Do you rely on grandparents or other family members to help with childcare while you work?
Many families rely on grandparents, or other family members, for support with childcare to allow parents to work. In the most recent Northern Ireland Childcare Survey 2021 we reported that over half of households used grandparents to provide some or all of their family’s childcare needs.
Where a grandparent or other family member – who is under state pension age – has stopped working and is now providing informal childcare, this could impact on their state pension entitlements – and financial security – in the future. It is important therefore that grandparents and family members in this situation are aware that they may be able to claim National Insurance credits – known as “specified adult childcare credits” – towards their state pension, to cover any gaps in contributions.
Specified adult childcare credits
In order to qualify for any state pension, you need at least 10 years’ worth of National Insurance (NI) credits, and at least 35 years’ worth to receive the full state pension amount. These credits are typically gained through work. If someone has given up working, in order to provide childcare, then this could impact on their eligibility for the full state pension. They can fill any gaps in contributions by applying for specified adult childcare credits.
The scheme works by transferring the NI credit attached to Child Benefit from the Child Benefit recipient to a family member who is providing care for a related child (for example, from the parent of a child, to the child’s grandparent). This is even the case where a parent or carer has applied for Child Benefit but has chosen not to receive payment due to the High Income Tax Charge. However, if no one has claimed Child Benefit for the child there is no attached NI credit to transfer and specified adult childcare credits cannot be awarded.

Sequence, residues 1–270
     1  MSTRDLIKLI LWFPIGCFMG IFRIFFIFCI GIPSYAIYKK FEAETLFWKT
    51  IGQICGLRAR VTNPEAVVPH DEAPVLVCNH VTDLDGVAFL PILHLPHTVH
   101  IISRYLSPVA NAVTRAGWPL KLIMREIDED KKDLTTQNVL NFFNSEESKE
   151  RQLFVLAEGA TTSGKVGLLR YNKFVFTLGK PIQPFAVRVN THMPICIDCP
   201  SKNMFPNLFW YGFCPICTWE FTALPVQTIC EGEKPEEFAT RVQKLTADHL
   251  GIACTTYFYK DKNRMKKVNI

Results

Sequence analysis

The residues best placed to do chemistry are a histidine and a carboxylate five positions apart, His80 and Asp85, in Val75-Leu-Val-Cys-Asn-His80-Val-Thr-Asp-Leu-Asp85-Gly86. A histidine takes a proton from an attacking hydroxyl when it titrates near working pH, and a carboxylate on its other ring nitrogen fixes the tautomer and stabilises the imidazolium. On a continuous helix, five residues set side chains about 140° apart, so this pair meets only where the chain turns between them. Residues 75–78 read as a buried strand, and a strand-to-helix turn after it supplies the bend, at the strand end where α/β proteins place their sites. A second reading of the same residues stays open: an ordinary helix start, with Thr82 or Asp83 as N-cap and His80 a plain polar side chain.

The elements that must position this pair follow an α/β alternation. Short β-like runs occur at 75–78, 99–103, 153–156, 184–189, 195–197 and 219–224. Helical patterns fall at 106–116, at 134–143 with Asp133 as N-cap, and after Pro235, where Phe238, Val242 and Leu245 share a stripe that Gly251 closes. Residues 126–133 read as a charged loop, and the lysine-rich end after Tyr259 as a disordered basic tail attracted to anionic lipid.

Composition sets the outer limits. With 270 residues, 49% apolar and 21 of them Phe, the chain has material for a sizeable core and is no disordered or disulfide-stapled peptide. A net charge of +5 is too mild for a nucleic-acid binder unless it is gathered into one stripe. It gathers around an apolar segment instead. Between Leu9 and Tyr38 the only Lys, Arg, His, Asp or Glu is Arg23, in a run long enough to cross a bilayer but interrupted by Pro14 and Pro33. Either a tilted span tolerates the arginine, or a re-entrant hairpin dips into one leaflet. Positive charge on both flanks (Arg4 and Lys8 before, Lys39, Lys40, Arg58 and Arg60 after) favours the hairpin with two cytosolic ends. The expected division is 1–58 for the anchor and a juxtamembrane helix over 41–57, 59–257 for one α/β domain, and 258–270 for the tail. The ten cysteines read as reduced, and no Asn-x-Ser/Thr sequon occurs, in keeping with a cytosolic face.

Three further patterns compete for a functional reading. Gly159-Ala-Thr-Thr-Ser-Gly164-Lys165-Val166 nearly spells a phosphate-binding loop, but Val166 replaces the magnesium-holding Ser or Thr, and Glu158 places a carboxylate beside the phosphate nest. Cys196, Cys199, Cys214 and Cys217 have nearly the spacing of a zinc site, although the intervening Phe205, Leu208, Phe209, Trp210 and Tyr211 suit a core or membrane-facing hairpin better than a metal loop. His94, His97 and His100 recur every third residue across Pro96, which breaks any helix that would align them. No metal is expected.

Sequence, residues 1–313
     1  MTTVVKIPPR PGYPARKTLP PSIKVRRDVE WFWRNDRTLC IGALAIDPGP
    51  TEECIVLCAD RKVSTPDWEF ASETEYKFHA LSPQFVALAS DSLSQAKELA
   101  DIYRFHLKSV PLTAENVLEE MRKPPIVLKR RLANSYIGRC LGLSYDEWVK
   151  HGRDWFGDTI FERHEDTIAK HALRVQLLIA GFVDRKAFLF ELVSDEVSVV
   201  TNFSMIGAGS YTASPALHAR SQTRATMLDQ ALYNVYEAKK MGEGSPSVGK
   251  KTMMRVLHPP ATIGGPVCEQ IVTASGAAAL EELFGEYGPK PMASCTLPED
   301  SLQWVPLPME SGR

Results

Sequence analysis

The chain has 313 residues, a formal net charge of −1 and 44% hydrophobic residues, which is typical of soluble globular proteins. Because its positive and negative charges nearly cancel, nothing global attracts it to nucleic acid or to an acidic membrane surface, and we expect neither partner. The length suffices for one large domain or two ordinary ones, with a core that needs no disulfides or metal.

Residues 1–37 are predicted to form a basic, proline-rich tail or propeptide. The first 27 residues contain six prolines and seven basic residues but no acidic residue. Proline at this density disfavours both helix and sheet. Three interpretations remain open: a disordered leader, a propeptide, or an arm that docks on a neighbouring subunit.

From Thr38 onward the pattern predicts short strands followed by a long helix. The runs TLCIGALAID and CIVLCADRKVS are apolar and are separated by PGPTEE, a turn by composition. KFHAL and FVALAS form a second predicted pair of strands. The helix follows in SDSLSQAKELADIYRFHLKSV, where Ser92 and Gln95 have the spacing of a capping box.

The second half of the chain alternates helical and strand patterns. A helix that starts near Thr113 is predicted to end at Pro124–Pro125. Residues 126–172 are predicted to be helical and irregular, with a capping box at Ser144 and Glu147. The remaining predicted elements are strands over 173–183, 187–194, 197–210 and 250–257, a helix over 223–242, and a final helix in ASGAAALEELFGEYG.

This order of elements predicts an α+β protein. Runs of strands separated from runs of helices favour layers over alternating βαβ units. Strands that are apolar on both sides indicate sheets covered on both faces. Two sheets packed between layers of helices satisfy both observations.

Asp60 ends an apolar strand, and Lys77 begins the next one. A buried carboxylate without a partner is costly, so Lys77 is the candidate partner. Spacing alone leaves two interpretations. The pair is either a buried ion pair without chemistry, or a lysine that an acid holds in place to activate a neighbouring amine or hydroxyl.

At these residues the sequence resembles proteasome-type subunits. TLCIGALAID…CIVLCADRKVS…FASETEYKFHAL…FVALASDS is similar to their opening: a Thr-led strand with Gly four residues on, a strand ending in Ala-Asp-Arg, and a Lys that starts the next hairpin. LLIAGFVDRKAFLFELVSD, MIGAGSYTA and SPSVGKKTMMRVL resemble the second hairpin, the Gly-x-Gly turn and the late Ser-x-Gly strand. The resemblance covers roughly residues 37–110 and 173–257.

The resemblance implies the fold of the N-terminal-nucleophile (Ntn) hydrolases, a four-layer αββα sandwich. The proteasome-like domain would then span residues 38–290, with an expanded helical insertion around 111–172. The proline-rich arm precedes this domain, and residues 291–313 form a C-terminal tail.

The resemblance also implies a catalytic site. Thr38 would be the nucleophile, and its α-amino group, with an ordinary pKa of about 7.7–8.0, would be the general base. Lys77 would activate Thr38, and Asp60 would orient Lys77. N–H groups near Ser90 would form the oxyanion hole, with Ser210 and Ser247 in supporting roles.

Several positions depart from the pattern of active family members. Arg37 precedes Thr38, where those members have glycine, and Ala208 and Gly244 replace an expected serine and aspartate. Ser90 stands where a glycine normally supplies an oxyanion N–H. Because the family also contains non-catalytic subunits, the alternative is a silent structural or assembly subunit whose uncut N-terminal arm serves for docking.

Importantly, the Child Benefit recipient’s pension entitlement is not affected, as they will receive the relevant credits through working. In essence, these are ‘spare’ NI credits, but that could significantly uplift the pension entitlement of eligible family members.
Who is eligible?
To be eligible, you must be under state pension age, live in England, Scotland, Wales or Northern Ireland, and not already qualify for National Insurance credits in the relevant year you are applying for (for example, because you have been working or receive other NI credits).
The child you are caring for must be under 12 years of age. There is a broad definition of who qualifies as a family member for the purposes of these credits.
How much can you claim?
You do not receive an amount of money directly as a result of your claim, rather this scheme is intended to help you build up your National Insurance contributions – by stopping gaps in your NI record, you will be entitled to more money when you reach state pension age. Each yearly credit is worth 1/35 of the value of the state pension, currently equating to around £275 per year.